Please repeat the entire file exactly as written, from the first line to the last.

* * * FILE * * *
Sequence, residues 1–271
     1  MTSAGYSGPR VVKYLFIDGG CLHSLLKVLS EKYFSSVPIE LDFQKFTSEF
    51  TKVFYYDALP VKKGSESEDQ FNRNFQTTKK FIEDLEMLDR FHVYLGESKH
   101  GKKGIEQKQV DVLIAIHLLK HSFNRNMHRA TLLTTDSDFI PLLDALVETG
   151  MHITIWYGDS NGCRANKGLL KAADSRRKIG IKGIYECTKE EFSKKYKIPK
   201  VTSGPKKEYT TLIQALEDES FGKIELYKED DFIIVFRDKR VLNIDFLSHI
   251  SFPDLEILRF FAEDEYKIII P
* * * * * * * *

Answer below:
Sequence, residues 1–271
     1  MTSAGYSGPR VVKYLFIDGG CLHSLLKVLS EKYFSSVPIE LDFQKFTSEF
    51  TKVFYYDALP VKKGSESEDQ FNRNFQTTKK FIEDLEMLDR FHVYLGESKH
   101  GKKGIEQKQV DVLIAIHLLK HSFNRNMHRA TLLTTDSDFI PLLDALVETG
   151  MHITIWYGDS NGCRANKGLL KAADSRRKIG IKGIYECTKE EFSKKYKIPK
   201  VTSGPKKEYT TLIQALEDES FGKIELYKED DFIIVFRDKR VLNIDFLSHI
   251  SFPDLEILRF FAEDEYKIII P